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Senator the Hon Robert Hill
Leader of the Government in the Senate
Minister for the Environment and Heritage
Federal Environment Minister Robert Hill today released the findings of a high-level inquiry into one of the major environmental issues for the new millennium - access to biological resources.
The inquiry was initiated by Senator Hill in December 1999 and recommends ground-breaking regulations under the Environment Protection and Biodiversity Conservation Act 1999.
These would control access to biological (including genetic) resources on Commonwealth areas.
Senator Hill said the plan would regulate access to genetic material in plants and animals and would deliver substantial benefits to industry, the environment and indigenous communities.
The regulations would control access to genetic material extracted from plants or animals which could be used in products such as drugs to fight disease, to develop soaps, shampoos or sunscreens.
"Access to biological and genetic resources is of strategic importance to Australia's ability to develop a prosperous biotechnology industry,'' Senator Hill said.
``This is why the inquiry is recommending a scheme which streamlines access - it provides certainty for industry at the same time as safeguarding Australia's unique biological resources.''
Senator Hill welcomed the inquiry's recognition of the special knowledge held by indigenous people in relation to Australia's biodiversity.
``Indigenous people may have special knowledge about native plants which have medicinal qualities or about species which could be used to enhance a bush food industry with new flavors,'' Mr Hill said.
"If this knowledge is used by others for commercial benefit then the access regime must ensure the benefits arising from indigenous knowledge are shared with those indigenous communities.''
Senator Hill said the Government would consider all 71 recommendations of the inquiry and make proposed regulations under the EPBC Act. These draft regulations would be released for public comment.
"This gives effect to the Government's election commitment in Our Living Heritage to 'introduce regulations to regulate access to genetic resources in Commonwealth areas'. This commitment was restated in Australia's Biotechnology - A National Strategy, released by the Minister for Industry, Science and Resources in July 2000.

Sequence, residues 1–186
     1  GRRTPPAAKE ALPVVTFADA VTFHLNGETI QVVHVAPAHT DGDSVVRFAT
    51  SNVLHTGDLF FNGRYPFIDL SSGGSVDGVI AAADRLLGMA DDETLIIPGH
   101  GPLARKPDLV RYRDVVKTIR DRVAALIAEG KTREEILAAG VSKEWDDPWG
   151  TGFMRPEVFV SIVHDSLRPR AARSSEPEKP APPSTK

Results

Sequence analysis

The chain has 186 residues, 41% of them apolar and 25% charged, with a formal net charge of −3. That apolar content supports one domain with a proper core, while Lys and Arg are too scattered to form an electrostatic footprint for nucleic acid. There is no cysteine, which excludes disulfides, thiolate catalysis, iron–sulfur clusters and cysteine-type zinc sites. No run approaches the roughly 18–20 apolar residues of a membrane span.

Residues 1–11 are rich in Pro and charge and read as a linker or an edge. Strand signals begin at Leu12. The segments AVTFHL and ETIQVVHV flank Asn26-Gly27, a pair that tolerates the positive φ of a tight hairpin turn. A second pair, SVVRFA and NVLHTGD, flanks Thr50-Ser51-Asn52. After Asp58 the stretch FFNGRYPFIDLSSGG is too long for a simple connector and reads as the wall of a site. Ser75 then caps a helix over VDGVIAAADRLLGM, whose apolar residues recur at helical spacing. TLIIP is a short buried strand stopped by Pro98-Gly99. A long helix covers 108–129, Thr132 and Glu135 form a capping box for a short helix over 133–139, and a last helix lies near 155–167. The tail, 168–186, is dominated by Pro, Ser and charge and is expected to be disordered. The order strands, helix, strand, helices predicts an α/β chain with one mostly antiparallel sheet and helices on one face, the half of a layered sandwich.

Senator Hill paid tribute to the work of the Chair of the Inquiry, South Australian legal practitioner Mr John Voumard, and the expert advisory group which assisted him.
"As a result of the work of the Inquiry, Australia now has a chance to lead the world in addressing some of these contemporary challenges, such as those raised by 'bioprospecting'.
Senator Hill said he hoped the inquiry report would make a significant contribution towards the development of a nationally consistent system of access to biological resources. All stakeholders recognise the importance of implementing a nationally consistent scheme.
"Mr Voumard has made particular efforts to consult with State and Territory Governments, and their views are reflected in the inquiry's recommendations.
A brief outline of the access scheme recommended by the inquiry report is at Attachment A. The report is also available on Environment Australia's website at http://chm.environment.gov.au/documents/inquiry.doc
September 6, 2000
Belinda Huppatz (Senator Hill's office) 02 6277 7640 or 0419 258364
Max Kitchell (Environment Australia) 02 6274 2345
Outline of the scheme for access to biological resources under s 301 of the EPBC Act
The major recommendation of the Report of the Access Inquiry is that regulations under s 301 of the EPBC Act provide for an access permit and a benefit-sharing contract.
Under the recommendations of the Inquiry, the regulations will require a party seeking access to biological resources in Commonwealth areas to apply for an access permit from the Minister for the Environment and Heritage.
While the assessment process for the permit is underway, the applicant will be required to negotiate with the holder (or owner) of the biological resources a benefit-sharing contract which covers the commercial and other aspects of the agreement (in particular, matters such as up front payments, royalties and protection of Indigenous knowledge). It is proposed by the Inquiry that the contract be based on a model contract which the report outlines and recommends be developed and agreed by Governments, industry, Indigenous organisations and other stakeholders.
The Inquiry recommends that the regulations provide that the Minister may issue the access permit on being satisfied, among other things, that:
The Inquiry recommends that the contract only have effect if the Minister issues an access permit.